Beware Of Your Self-Deceit
July 16, 2022
In my mid-thirties, as I was cruising along in my career advancement, I came under a new boss who began evaluating everything I was doing from a fresh perspective. Although he approved of much of what I was doing, he had some reservations about how I was executing some of my key objectives. So, within a couple of weeks after moving in, he started challenging me.
“The approach you are taking is wrong, and I believe you must do it differently.”
“You seem to be only focussing on your immediate short-term goals and not doing enough to build the franchise for the future.“
“I think you are trying to bite more than you can chew. You should give up on some of your current responsibilities.“
It was natural for me to become defensive and wary as soon as I heard these messages. As a result, I started assigning motives and malintent to what my boss was saying, and it became very stressful. In my mind, it appeared like he planned to move me out to bring someone aligned with him.
Thankfully, I had a mentor who was looking out for me. He became aware of my mindset and reached out to me to have a conversation. The conversation completely changed my viewpoint about my boss’ actions.
“Why do you assume your boss is trying to cut you down? Have you considered the possibility that what he says might be true? Nobody is perfect. Is it not possible that what you are doing can be done differently? Perhaps, you are focusing too much on short-term goals instead of investing in long-term agendas. It would be helpful if you could suspend your defensiveness, be open-minded to feedback, and move forward.”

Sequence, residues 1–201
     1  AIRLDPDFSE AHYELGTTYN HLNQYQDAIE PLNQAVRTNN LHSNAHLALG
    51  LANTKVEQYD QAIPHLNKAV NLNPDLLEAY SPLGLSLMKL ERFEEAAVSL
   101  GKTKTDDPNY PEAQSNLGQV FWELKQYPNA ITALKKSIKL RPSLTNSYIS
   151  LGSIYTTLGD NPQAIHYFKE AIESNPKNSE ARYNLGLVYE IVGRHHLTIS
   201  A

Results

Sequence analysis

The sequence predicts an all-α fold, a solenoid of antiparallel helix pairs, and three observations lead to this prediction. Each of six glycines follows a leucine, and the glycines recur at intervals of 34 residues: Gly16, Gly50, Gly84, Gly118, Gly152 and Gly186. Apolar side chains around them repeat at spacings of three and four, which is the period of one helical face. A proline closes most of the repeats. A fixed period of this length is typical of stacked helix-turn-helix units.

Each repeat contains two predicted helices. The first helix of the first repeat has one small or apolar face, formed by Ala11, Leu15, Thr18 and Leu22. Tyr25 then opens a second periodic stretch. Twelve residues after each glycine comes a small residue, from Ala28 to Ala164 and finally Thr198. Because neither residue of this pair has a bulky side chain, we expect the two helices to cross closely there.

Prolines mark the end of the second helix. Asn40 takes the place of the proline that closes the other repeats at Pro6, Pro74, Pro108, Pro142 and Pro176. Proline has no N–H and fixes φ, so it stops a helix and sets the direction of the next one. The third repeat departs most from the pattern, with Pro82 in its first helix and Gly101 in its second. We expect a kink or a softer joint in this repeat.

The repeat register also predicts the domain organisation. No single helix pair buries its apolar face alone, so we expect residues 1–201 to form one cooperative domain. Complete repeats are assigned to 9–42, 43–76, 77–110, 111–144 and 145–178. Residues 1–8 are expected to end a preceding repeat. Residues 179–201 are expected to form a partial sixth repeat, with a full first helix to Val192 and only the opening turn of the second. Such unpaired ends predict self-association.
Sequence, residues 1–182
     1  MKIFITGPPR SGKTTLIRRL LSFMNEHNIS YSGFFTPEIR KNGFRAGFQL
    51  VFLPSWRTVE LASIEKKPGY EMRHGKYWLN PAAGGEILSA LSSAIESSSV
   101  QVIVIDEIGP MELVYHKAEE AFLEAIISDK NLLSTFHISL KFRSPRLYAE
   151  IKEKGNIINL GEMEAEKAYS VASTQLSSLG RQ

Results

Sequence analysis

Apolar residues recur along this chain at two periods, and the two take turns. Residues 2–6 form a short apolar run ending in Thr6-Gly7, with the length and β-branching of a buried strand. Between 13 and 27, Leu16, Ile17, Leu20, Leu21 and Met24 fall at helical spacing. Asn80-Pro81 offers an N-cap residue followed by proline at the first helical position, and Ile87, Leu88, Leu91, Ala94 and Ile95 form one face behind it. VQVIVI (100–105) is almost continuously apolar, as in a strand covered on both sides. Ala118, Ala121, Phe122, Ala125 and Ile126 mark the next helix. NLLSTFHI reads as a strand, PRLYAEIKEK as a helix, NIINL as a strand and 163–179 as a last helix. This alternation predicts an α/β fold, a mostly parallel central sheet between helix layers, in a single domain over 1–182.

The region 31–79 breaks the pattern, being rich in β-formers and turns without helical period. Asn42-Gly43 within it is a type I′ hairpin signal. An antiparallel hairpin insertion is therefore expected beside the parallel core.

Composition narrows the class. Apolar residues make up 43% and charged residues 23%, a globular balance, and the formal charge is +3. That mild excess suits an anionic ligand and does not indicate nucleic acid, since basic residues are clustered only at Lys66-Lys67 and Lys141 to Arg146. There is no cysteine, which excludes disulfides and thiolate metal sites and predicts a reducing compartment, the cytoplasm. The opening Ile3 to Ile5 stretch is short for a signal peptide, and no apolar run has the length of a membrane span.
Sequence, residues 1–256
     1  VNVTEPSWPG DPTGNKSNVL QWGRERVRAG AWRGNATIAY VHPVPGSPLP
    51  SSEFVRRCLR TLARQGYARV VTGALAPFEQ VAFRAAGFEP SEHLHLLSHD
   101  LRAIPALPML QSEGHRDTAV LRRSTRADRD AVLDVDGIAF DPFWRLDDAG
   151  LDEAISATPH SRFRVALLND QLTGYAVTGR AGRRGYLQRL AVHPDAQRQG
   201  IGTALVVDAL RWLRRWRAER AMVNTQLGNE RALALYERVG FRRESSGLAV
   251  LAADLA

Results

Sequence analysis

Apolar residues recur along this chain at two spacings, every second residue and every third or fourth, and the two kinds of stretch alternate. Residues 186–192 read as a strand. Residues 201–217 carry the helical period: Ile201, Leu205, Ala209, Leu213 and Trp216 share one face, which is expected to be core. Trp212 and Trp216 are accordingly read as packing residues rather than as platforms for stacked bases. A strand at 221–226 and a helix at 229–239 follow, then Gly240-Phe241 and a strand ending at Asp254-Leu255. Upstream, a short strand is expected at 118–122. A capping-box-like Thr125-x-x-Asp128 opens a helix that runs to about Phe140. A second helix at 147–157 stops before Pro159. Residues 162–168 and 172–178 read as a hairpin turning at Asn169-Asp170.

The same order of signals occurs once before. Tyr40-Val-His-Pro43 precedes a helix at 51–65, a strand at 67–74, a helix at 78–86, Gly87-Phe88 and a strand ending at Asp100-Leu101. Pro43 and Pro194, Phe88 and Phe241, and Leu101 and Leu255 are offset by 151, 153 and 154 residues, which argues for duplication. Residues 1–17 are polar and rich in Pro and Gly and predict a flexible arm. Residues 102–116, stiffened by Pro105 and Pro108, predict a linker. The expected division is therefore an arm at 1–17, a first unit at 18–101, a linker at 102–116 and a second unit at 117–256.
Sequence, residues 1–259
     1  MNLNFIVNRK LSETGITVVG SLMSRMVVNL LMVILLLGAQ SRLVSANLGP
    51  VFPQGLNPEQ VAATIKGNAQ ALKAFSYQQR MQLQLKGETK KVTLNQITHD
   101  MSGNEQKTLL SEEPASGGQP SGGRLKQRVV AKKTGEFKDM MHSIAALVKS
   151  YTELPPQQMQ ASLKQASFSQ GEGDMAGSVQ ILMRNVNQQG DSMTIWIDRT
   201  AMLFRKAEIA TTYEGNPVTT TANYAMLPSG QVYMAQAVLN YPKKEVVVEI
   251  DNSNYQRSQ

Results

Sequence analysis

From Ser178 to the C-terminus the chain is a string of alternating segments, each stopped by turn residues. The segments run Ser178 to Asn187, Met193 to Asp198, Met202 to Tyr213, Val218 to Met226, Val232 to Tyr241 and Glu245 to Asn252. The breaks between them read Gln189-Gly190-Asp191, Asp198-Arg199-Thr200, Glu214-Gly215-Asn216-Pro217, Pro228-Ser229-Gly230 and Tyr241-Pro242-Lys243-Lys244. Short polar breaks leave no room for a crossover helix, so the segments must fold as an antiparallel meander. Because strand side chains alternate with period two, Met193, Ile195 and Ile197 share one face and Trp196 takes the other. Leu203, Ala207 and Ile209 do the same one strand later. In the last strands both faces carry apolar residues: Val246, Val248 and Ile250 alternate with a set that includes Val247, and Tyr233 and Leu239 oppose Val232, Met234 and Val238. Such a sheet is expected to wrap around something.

I followed the advice of my mentor. Instead of becoming defensive every time my boss said something, I started objectively evaluating what he was saying. It became apparent to me that much of what my boss said was both valid and appropriate. I became more open and welcoming of his inputs, and soon enough, we graduated into a great relationship built on mutual trust and confidence.
The point of this personal story is that we often believe that anyone who agrees with what we say is aligned with us, and anyone who holds a contradictory position is against us, even if that position is valid and true. We believe in our self-narrative, even when it is false and wrong.
There is a great piece of advice the great Stoic emperor, Marcus Aurelius, gives in his ageless book Meditations that points us to what our biggest mistake could be in life- Our self-deceit and ignorance. He says,
“If anyone can refute me – show me I’m making a mistake or looking at things from the wrong perspective — I’ll gladly change. It’s the truth I’m after, and the truth never harmed anyone. What harms us is to persist in self-deceit and ignorance.”